what is bedroom tax

What is the Bedroom Tax?

BWhat is the bedroom tax? The bedroom tax in the UK is also known as the spare room subsidy. Freeing up larger homes for families who need them. However, the bedroom tax has been criticised for its impact on vulnerable groups. Like the disabled, foster carers, and those who have experienced bereavement.

As we delve into this complex topic, we’ll explore the rules and regulations surrounding the bedroom tax. Also, its exemptions and exceptions. This will help to support options available to those affected. In case you’re a social housing tenant or a housing professional, this discussion will provide you with a clear and comprehensive overview of the bedroom tax.


Get in touch with one of our experts to learn about bedroom tax. We are available from 9:00 am – 05:30 pm Monday to Friday.


What is the Bedroom Tax?

The bedroom tax, also known as the spare room subsidy, is a controversial housing benefit reform introduced in the UK. Bedroom tax aimed to encourage people living in social housing (council or housing association homes) to move to smaller properties.

The bedroom tax reduces the amount of housing benefit paid to tenants who have spare bedrooms in their homes. The reduction is:

  1. 14% for one spare bedroom
  2. 25% for two or more spare bedrooms

Tenants affected by the bedroom tax must pay the reduced amount themselves. This can lead to financial hardship and difficulties in paying rent.

The bedroom tax has faced criticism for:

  1. Penalising vulnerable groups, like the disabled and foster carers
  2. Failing to consider individual circumstances
  3. Causing financial hardship and homelessness

In response to criticisms, some changes and reforms have been made, including:

  1. Exemptions for certain groups, like foster carers and disabled people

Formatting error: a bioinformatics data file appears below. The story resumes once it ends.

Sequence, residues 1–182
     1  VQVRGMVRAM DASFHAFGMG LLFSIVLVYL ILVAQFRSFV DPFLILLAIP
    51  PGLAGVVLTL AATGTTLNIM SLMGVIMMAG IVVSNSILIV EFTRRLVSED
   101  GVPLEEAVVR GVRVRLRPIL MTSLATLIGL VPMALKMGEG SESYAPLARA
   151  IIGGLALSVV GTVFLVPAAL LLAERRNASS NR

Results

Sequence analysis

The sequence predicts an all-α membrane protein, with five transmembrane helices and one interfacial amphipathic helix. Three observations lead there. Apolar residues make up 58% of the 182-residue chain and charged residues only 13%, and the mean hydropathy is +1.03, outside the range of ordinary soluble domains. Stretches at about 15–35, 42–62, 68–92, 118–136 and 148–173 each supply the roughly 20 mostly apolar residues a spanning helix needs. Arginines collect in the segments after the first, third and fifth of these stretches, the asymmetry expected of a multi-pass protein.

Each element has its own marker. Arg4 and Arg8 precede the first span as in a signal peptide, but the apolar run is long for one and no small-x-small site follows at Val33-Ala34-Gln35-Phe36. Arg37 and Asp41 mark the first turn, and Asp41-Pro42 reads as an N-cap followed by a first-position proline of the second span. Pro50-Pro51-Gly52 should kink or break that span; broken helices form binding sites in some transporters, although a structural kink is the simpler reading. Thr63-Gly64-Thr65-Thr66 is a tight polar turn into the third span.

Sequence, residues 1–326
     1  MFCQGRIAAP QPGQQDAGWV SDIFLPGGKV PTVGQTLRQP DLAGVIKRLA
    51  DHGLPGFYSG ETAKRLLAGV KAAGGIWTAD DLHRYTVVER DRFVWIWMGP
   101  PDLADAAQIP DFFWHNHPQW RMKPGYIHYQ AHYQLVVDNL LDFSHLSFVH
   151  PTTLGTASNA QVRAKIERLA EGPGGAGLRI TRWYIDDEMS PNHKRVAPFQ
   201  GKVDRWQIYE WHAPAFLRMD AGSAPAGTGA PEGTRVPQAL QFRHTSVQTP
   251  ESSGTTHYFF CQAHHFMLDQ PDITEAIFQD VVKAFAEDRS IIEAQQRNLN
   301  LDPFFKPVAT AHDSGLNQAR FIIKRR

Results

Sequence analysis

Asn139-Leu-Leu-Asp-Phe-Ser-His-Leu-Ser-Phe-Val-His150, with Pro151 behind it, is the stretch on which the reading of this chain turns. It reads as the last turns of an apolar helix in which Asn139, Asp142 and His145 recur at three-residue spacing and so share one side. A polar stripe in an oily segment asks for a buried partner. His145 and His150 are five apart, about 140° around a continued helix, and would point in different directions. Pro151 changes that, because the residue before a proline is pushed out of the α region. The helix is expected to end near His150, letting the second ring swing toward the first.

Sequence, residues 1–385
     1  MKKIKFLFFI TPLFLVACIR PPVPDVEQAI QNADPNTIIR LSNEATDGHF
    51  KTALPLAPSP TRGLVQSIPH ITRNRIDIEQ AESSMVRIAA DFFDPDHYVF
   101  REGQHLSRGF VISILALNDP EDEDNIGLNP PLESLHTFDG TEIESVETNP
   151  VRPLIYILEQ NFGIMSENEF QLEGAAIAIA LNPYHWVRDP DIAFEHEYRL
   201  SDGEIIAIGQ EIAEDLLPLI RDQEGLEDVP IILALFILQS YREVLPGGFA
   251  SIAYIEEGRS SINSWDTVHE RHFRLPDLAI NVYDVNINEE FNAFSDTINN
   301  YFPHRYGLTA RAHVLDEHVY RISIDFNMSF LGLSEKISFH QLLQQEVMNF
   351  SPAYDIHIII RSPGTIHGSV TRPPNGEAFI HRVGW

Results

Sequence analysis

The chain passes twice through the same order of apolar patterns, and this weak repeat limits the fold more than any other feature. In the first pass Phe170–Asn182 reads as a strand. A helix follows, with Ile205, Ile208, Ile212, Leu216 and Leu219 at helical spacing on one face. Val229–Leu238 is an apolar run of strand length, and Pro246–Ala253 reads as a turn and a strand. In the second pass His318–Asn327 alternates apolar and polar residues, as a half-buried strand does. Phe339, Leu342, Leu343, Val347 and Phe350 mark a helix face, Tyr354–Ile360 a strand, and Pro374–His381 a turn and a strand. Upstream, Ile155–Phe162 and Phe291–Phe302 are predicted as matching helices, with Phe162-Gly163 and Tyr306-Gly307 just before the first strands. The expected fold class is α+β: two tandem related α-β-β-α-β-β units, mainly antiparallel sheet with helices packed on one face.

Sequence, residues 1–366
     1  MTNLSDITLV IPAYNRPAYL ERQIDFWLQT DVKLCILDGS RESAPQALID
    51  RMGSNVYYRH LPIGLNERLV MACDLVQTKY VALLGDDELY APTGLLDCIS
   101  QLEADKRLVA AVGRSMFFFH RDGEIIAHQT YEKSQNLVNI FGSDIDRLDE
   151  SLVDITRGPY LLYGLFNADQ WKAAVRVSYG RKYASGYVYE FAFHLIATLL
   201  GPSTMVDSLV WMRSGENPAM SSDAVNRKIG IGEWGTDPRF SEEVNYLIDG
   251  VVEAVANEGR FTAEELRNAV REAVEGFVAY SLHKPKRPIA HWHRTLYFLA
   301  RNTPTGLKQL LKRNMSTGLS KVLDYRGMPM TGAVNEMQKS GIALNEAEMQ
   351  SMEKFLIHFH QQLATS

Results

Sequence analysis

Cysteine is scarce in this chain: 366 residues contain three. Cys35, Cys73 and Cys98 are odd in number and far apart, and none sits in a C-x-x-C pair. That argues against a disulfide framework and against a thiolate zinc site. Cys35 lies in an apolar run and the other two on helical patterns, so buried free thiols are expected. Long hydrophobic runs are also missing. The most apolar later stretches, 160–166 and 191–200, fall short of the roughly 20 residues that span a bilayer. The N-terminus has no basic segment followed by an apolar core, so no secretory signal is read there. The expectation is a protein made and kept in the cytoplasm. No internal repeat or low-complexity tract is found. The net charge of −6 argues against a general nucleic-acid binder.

2. Discretionary payments for vulnerable tenants
  3. Reviews and appeals processes


How to Deal with the Bedroom Tax?

If you’re affected by the bedroom tax, don’t panic! There are steps you can take to manage the impact. First, ensure you’re eligible for housing benefits or universal credit. If you have spare bedrooms, you’ll be affected.

Work out the reduction in your housing benefit or universal credit. Check if you’re exempt from the bedroom tax. Certain groups, like foster carers and disabled people, are excluded. If you disagree with the decision, appeal to the relevant authority. You can also seek advice from a housing expert or benefits advisor.

Apply for discretionary payments from your local council if you’re struggling to pay rent due to the bedroom tax. If you follow these steps, you can navigate the bedroom tax and find ways to minimise its impact on your life.


How Many Bedrooms Can You Get Benefits For?

Generally, you’re allowed one bedroom for:

  1. Yourself
  2. Your partner (if you have one)
  3. Children (up to two children of the same gender or a child under 10)

You may be eligible for additional bedrooms if:

  1. You have a disabled child who cannot share a bedroom
  2. You have a foster child
  3. You have a child over 10 who cannot share a bedroom due to disability or medical needs

However, there are limitations:

  1. Same-gender siblings are expected to share until age 16
  2. Children over 10 are expected to share unless medically impossible